Calvin C. Phillips is The Unlikely Subject of Both Mystery and Legend
You might not know this but the trendy neighborhood of All Saints used to have this clock tower...
It may be how little is known about Calvin C. Phillips that keeps his memory alive. The architect came to Tallahassee from New York or Pennsylvania around 1907 or 1909 and died here in 1919.
By legend, he designed buildings for the Paris World’s Fair in 1889. “Perhaps the most extraordinary person who ever lived in Tallahassee was Calvin Phillips,” began Elise Kendall, writing in 1933 for the Tallahassee Daily Democrat, in an article about Phillips’ home, a “clock house” he constructed in the present-day All Saints neighborhood off South Macomb Street.
Those who still remember the building sometimes call it the clock tower. Kendall went on to describe the building as made of brick, stone and hand-carved woodwork, as well as the clock’s mostly wood construction and 12 chimes.
Over the years, other writers (including this one) would add to the lore about the place, with the liberal use of qualifying phrases, like “It is said that …” For some, the clock house was simply a home. Hugh Paul Corley lived in the clock house as a boy from 1952 until 1959.
His father, a welding shop foreman, bought the two-room structure from his grandparents who lived in the main residence next door. “The clock never worked when we lived there,” he said. According to local legend, the clock had stopped chiming soon after Phillips’ death in November 1919. Corley remembered climbing to the top of the tower with his cousin, where they were able to see clear to Bellevue Plantation on Jackson Bluff Road. “The stairs were a little bit rickety, but we would go up there and play and look out around town.”
He also said that his grandparents’ house contained old blueprints, possibly belonging to Phillips, that he wished he had kept.In a 1960 article, the Democrat spoke to another family who lived in Phillips’ house. In its later years, the building was used as a squat. Origin stories Phillips’ reputation as a builder mostly centers around two medals his daughter gave to Mrs. Thomas Hood, the widow of Sen. William Hodges, Phillips’ friend: one medal from the Republic of France and another from the Pennsylvania State Agriculture Society.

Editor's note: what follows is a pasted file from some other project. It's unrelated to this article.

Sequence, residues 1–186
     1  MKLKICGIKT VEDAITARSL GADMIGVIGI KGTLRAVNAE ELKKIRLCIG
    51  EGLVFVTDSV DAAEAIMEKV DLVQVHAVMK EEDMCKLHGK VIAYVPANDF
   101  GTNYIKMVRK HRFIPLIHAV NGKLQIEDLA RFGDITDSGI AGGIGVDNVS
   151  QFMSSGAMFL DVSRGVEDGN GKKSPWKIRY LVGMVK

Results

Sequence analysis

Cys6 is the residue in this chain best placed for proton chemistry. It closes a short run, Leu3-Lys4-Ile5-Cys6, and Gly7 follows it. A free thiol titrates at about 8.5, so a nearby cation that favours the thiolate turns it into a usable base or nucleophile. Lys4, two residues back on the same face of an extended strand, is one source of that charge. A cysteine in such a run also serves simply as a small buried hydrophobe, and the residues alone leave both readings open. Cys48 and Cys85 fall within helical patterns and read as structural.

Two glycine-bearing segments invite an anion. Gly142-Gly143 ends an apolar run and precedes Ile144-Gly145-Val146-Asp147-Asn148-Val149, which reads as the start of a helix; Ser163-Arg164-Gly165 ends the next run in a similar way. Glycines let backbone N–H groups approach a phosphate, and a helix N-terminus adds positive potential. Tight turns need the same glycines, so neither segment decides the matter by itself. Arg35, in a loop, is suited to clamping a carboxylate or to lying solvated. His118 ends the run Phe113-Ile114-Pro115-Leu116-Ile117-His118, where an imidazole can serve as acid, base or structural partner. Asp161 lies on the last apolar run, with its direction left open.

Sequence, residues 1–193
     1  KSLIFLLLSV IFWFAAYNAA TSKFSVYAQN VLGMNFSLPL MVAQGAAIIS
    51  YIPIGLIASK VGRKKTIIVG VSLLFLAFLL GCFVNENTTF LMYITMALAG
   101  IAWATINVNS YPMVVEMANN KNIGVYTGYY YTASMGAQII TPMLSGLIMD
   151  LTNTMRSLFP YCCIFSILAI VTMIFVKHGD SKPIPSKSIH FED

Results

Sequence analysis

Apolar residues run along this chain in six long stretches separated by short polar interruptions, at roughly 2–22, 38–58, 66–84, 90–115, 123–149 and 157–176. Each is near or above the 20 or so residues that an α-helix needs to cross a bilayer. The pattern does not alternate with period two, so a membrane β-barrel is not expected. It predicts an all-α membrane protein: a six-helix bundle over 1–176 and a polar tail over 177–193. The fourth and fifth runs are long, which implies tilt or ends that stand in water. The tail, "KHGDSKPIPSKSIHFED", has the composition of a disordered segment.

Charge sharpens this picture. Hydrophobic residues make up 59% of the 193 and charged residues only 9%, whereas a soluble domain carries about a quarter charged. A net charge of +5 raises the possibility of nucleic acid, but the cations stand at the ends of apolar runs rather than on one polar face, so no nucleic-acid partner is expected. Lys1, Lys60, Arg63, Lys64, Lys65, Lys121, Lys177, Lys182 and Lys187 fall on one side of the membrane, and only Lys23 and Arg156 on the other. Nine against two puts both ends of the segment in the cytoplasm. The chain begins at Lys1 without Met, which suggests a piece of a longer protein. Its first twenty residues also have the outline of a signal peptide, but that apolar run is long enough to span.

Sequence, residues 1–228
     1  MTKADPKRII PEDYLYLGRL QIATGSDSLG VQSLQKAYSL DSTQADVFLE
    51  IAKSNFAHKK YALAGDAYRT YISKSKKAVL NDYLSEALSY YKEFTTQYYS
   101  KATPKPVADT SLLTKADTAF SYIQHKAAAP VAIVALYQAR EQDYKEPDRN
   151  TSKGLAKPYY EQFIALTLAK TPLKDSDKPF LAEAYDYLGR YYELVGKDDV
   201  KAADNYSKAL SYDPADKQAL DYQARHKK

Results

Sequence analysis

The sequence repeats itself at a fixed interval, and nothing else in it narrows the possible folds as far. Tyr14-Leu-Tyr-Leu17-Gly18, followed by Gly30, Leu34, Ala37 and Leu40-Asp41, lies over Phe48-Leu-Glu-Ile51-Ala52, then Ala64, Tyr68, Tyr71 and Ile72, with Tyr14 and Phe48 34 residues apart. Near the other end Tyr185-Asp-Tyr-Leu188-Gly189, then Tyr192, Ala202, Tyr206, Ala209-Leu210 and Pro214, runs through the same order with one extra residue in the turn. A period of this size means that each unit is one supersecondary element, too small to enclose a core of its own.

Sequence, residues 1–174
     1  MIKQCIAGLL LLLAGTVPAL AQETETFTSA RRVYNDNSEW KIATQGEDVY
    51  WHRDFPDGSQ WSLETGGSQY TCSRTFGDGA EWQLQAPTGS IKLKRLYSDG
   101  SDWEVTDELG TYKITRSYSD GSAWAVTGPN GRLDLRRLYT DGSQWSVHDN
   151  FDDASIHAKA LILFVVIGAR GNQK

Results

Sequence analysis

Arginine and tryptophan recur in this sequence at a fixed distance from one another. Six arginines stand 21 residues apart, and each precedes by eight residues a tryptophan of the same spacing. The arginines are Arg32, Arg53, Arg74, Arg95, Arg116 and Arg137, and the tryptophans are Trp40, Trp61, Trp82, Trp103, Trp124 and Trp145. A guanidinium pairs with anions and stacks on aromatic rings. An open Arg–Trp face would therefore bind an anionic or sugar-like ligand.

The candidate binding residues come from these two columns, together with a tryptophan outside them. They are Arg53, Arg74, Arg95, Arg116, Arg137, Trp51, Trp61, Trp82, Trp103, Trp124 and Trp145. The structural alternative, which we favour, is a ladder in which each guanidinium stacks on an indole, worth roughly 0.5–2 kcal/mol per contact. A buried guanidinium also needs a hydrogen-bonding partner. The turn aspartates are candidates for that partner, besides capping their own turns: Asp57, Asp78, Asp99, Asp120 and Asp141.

According to court records, Emma E. Kirk traveled to Tallahassee in December 1919 from her home in Scriba, New York, to settle her father’s affairs. Soon after Phillips’ death, the Fulton Patriot of Fulton, New York, printed a brief account of his life, noting that he is buried in “the family vault” and that on the date of his funeral, flags were flown at half-staff in Tallahassee.
As Phillips’ family never lived with him in Tallahassee and he rests in his mausoleum alone, this obituary raises questions for Claude Kenneson, an archivist and member of the Tallahassee Historical Society: “He seemed to be separated from his family, but then why print an obituary in the place where his wife and family are? Do they still claim him?” No obituary for Phillips could be located in Florida papers.
What happened to his home is another mystery, perhaps by design. The clock house was in poor shape by the time Mr. and Mrs. Henry C. Blaine put it up for auction in 1974 under the condition that the new owners preserve the structure. Madison Center Ltd., the investment firm that bought the clock house and its lot, planned to renovate it but did not. Sometime in the early ’80s it disappeared, but no records exist of who dismantled the building or where its parts were taken.
“It was there one day and gone one day,” Corley said. “I think somebody tore it down for the bricks.” Most recent Phillips lore, including listings in Atlas Obscura and Weird Florida, focus on the mausoleum that he designed and built for himself. Some writers claim his was the first grave in Oakland Cemetery, while others call it “among the first.”
While not immediately remarkable, the building is larger than other graves and incorporates architectural flourishes such as Doric columns and an Eastern-inspired dome. Raising questions Phillips’ mausoleum caught the eye of former Florida governor LeRoy Collins, whose 1985 editorial “The Tale of a Man Obsessed with Time” contributes much to legend. For Collins, Phillips’ life represented an ontological struggle, in which agreed-upon human constructs — such as time — can be used to overcome the chaos of existence.
Collins was charmed by the spookiest of Phillips myths: that he was able to predict the time of his own death, and upon the completion of his mausoleum, the architect laid down in it and died. Phillips’ skull was stolen from his mausoleum in 2000, and the plate metal door is now bolted closed.
Donald Draughon, author of the website “Tallahassee Then and Now,” first became interested in Phillips as a neighborhood kid taking shortcuts through Oakland Cemetery. He called the Collins article “30% fact and 70% embellishment” but also noted that few facts can be known about Phillips.
The man provokes interest because he is out of place for Tallahassee, Draughon believes. “Phillips was an eccentric character, mysterious,” he concluded, and by way of explanation: “It was a long time ago, a different time.”